You would think that as the UK’s largest electrical retailer that Curry’s might know a thing or two about appropriate interview protocol. Yet recent media reports have revealed that a rather worryingly unconventional technique was used during a group interview at the company’s Cardiff store, where the candidates were asked to demonstrate their dancing abilities.
A number of articles, including this one here by the Independent have commented on graduate Alan Bacon’s shock and humiliation after being asked to dance to rap music during his interview. Alan said he felt he had ‘little choice’ after having been rejected from other jobs elsewhere due to fierce competition.
Having to do so had a negative effect on Alan, who had prepared properly for what he thought would be a normal face-to-face interview – spending time researching the company and reading up on new product launches.
This is exemplary behaviour from a candidate, which only serves to more strongly highlight the unorthodox approach taken by the store manager in question.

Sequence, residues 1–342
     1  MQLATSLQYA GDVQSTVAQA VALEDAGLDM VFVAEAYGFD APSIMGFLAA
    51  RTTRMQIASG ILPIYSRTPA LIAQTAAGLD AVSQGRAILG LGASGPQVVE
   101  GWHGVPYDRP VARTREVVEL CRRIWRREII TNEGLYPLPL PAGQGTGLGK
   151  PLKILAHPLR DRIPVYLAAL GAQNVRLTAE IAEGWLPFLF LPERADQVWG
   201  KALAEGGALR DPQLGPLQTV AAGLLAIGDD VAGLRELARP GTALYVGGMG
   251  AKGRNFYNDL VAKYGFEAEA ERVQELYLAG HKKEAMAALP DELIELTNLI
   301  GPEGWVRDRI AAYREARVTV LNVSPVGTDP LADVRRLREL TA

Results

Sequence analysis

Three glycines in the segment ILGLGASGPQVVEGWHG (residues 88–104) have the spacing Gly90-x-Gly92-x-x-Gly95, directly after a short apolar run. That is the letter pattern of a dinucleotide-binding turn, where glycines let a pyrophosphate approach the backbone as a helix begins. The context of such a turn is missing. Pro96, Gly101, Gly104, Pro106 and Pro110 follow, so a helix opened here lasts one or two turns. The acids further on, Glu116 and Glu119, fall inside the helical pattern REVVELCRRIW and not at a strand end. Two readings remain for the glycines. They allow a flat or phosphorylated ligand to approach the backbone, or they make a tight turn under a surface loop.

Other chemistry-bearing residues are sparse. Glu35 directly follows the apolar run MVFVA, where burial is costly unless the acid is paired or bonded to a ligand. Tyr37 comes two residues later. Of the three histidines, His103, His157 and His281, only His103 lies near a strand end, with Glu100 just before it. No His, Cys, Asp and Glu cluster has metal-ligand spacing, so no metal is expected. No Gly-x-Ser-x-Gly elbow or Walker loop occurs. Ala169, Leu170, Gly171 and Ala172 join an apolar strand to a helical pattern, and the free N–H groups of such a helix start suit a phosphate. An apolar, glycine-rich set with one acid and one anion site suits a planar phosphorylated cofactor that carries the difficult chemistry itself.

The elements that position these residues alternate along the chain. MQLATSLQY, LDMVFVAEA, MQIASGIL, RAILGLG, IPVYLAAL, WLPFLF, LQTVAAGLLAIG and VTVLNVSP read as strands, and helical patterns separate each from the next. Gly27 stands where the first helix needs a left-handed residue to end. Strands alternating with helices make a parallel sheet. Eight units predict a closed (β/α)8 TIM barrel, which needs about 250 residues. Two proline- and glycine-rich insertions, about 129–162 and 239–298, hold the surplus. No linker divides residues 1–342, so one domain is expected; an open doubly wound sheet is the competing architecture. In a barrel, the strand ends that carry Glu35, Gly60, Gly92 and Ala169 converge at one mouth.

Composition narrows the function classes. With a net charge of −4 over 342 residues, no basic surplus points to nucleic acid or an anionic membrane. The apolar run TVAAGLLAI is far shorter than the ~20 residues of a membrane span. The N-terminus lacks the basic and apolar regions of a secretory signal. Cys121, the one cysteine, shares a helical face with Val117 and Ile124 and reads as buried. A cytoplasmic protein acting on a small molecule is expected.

While Currys has publically apologised to all of the interviewees involved and invited them to attend another, more appropriate interview, it appears to be too little, too late for Alan who reportedly said he would not be taking them up on their offer.
It is an important lesson for Currys, who will now need to seriously review the way in which their recruitment policies are communicated both internally and externally.
Only by businesses choosing the right interviewing methods and processes, and investing the time and effort required to implement them effectively, can they hope to become a respected and sought-after employer of choice.
Our advice? Remember that you’re selling your business to candidates in the same way as you expect them to sell themselves to you; pitch it right and you’ll reap the rewards.